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An unlawful lawmaker?

Newly sworn-inLD7 Sen. Carlyle Begay, D-Ganado. (Photo by Jim Small / Arizona Capitol Times.)

Newly sworn-inLD7 Sen. Carlyle Begay, D-Ganado. (Photo by Jim Small / Arizona Capitol Times.)

Gilbert or Ganado — New senator faces challenge over residency

Mere hours after he was sworn into the Arizona Senate, Democrat Carlyle Begay faced a challenge to his seat on the grounds that he doesn’t live in the district he was appointed to represent.

Rep. Albert Hale, who was considered as a nominee for the vacant Senate seat from Legislative District 7 but was passed over in favor of Begay, claims Begay fails the residency requirement to serve in office and represent Apache County and LD7 voters.

The challenge demands Begay, D-Ganado, be removed from office. Hale’s attorney, Tom Ryan, said the affidavit was served to Attorney General Tom Horne and Apache County Attorney Michael Whiting on Aug. 7.

In the affidavit, Hale, D-St. Michaels, cites a section of the Arizona Constitution stating that qualified candidates for office must have lived in the county in which they’ll serve for no less than one year prior to taking office.

“Upon information and belief, Mr. Begay is not a resident of Apache County and has not been a resident of Apache County for the legally required minimum of one year prior to his appointment,” Hale wrote in the affidavit.

The affidavit lists Begay’s address in the 500 block of Honeysuckle Lane in Gilbert — the same address associated with Begay’s voter registration in Maricopa County before he changed his registration with the Apache County Recorder’s Office on July 22.

Evidence supporting Hale’s complaint focuses on Begay’s recent service on the Town of Gilbert’s Industrial Development Authority, a volunteer board that makes recommendations on development projects to the Gilbert Town Council.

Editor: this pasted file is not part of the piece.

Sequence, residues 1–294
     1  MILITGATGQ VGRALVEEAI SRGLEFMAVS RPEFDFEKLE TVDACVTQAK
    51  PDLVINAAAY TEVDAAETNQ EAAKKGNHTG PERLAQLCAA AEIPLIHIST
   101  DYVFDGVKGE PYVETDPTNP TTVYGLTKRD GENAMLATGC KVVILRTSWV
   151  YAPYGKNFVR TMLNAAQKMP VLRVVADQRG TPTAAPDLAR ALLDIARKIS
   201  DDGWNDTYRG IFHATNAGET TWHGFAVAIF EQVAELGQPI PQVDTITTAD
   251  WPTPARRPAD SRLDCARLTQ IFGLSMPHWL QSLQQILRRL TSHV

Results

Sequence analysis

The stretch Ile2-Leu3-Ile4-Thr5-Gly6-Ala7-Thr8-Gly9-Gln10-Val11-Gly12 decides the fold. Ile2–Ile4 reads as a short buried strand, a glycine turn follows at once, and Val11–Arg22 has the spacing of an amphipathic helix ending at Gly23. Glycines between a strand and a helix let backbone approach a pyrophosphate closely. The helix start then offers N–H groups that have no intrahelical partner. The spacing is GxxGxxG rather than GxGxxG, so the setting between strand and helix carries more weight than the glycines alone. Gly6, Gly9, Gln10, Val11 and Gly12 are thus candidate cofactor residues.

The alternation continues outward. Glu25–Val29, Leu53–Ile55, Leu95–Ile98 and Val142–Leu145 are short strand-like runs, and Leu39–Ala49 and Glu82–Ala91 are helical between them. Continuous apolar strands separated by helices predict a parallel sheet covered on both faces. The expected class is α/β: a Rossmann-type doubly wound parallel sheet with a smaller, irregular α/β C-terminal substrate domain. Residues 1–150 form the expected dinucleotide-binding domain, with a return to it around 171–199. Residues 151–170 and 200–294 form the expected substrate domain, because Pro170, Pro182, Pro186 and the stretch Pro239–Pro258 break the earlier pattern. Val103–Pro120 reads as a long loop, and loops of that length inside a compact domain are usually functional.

Begay applied to serve on the development authority in February, and verified on his application that his residence is in Gilbert, according to the affidavit. The town’s website says that members of the board “must reside within the Town limits and be qualified electors.”

Begay was appointed to the board in March, though he was never sworn in, and was scheduled to be termed out in 2019, according to the affidavit, but Begay told the Arizona Capitol Times that he resigned from the board last week.

If Begay had served as a “qualified elector” in Gilbert as recently as a week ago, he would not meet the Arizona Constitution’s residency requirement for office in LD7, according to Ryan.

A spokesman for Horne said he has yet to see the affidavit.

Calls to the Apache County Attorney’s Office were not returned.

Home in Gilbert, roots in the Navajo Nation

Senate President Andy Biggs, R-Gilbert, expressed support for Begay at the Aug. 6 swearing-in ceremony.

“He went through the process. He’s here, he’s been sworn in. The credentialing committee signed his credentials,” Biggs said. “As far as I’m concerned, he’s the senator from that district, and I’ll let other people fight that out.”